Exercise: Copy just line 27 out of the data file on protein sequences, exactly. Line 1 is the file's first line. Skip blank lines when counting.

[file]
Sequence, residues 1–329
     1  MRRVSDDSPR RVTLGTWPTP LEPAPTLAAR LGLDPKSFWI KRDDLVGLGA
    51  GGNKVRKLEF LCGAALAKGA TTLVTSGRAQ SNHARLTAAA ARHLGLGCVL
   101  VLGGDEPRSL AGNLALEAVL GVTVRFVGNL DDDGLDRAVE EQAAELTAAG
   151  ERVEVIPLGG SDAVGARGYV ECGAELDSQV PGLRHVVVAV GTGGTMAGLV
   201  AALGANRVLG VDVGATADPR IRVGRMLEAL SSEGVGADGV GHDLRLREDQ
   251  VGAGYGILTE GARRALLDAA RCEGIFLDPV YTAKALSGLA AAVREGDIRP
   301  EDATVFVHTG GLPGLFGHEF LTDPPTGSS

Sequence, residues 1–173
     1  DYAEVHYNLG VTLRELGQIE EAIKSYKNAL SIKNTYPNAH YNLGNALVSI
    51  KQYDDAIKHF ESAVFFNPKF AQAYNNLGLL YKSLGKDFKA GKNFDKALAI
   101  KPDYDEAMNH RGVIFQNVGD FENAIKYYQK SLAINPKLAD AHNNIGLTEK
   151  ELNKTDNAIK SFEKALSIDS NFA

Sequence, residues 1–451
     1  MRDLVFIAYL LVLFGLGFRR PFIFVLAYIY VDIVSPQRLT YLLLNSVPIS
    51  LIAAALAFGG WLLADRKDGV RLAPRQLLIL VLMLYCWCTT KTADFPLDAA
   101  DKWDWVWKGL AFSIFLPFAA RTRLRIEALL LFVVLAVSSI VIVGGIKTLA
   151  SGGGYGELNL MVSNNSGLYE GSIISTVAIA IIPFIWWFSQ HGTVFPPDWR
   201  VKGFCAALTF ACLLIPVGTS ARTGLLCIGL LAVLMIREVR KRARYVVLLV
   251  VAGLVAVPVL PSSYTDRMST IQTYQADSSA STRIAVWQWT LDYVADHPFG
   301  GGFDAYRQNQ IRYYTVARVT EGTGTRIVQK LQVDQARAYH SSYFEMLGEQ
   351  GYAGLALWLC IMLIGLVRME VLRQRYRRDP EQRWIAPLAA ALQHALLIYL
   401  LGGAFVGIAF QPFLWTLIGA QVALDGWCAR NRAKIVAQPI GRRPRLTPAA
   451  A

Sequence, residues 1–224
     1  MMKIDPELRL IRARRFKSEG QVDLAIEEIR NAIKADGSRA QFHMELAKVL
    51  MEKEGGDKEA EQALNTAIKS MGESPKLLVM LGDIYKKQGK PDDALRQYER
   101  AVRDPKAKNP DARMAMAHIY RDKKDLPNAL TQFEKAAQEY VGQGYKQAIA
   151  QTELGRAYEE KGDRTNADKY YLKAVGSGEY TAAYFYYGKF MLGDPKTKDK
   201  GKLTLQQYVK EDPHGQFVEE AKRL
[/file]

    51  MEKEGGDKEA EQALNTAIKS MGESPKLLVM LGDIYKKQGK PDDALRQYER